German banks LBBW and Commerzbank have announced the successful completion of their first pilots on the Marco Polo trade finance blockchain network.
The data transfer for transactions between German multinationals, engineering technology company Voith and pump and valve manufacturer KSB SE were carried out digitally.
The Marco Polo international trade finance network has 17 member banks, with Commerzbank among its founders and LBBW joining last year. Based on R3’s Corda blockchain technology, the blockchain-based network has trade finance e open platform TradeIX as the technology provider and network operator.
Last month Japan’s Sumitomo Mitsui Banking Corporation executed a proof of concept on the network.
The LBBW and Commerzbank pilot involved two trade finance aspects, a payment commitment from the buyer’s bank and trade finance by the supplier’s bank.
The transactions involved hydraulic couplings being sent from Germany to China and pumps being delivered within Germany. The parties agreed on order and delivery details via the Marco Polo network and a conditional payment commitment from the buyer’s bank – the condition being that the goods were delivered to the buyer’s satisfaction.
Once the delivery details were entered, they were automatically matched with the agreed conditions triggering an irrevocable payment obligation similar to a bank guarantee from the buyer’s bank. In addition to the certainty of payment, the supplier’s bank also provided financing using the Marco Polo network.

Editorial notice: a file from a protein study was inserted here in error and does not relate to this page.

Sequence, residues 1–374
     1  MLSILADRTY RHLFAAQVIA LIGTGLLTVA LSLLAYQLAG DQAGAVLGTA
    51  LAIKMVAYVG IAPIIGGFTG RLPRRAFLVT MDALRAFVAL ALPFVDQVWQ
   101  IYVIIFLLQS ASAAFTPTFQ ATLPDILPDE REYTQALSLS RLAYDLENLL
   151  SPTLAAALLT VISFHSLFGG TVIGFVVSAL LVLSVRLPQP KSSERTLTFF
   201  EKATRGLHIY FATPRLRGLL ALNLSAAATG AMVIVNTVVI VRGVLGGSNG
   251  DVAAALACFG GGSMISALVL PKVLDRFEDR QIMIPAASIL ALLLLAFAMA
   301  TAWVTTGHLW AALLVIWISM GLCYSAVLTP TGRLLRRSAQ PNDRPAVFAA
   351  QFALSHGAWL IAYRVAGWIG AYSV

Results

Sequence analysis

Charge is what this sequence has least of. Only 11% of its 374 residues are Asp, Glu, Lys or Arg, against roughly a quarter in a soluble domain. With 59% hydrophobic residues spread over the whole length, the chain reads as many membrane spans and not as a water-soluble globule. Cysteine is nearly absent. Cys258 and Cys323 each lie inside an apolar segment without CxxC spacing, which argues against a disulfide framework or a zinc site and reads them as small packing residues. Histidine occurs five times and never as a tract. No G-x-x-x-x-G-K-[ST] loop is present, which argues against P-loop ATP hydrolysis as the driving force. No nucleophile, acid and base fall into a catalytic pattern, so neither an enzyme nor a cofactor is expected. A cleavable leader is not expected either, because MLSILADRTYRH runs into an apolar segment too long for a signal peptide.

The key benefit of the network is to automate much of the process by reducing reliance paperwork. “It will make transactions faster, easier and more secure,” said LBBW board member Dr. Christian Ricken. “Not only are we breaking new ground in terms of technology, but also in the cooperation between banks and businesses.”
Future tests will involve enterprise resource planning (ERP) integration with customer systems, so the data is pulled directly from their back office functions. There are also plans for integration with transport and insurance providers.
“The cooperation with LBBW and Commerzbank offers us an opportunity to actively shape and incorporate the company’s perspective into the further development of the products on offer – here the payment commitment,” said Gerald Böhm, Voith’s head of guarantees and trade finance.
Nikolaus Giesbert, divisional board member for trade finance and cash management at Commerzbank added: “The transaction proves that blockchain technology offers our clients a payment undertaking and state-of-the-art financing for trade transactions with both foreign countries and domestically.”
Commerzbank has already been active in the blockchain sphere and is working with the German innovation group Fraunhofer IML to explore the future of exports and trade finance. Earlier this year it executed two money market tests, with Deutsche Börse and with Siemens and Continental.
LBBW also has some blockchain pedigree. In mid-2017 it worked with Daimler for a €100 million ($88m) “corporate Schuldschein”, similar to a bond, while last month it executed a money market transaction using R3’s Corda.
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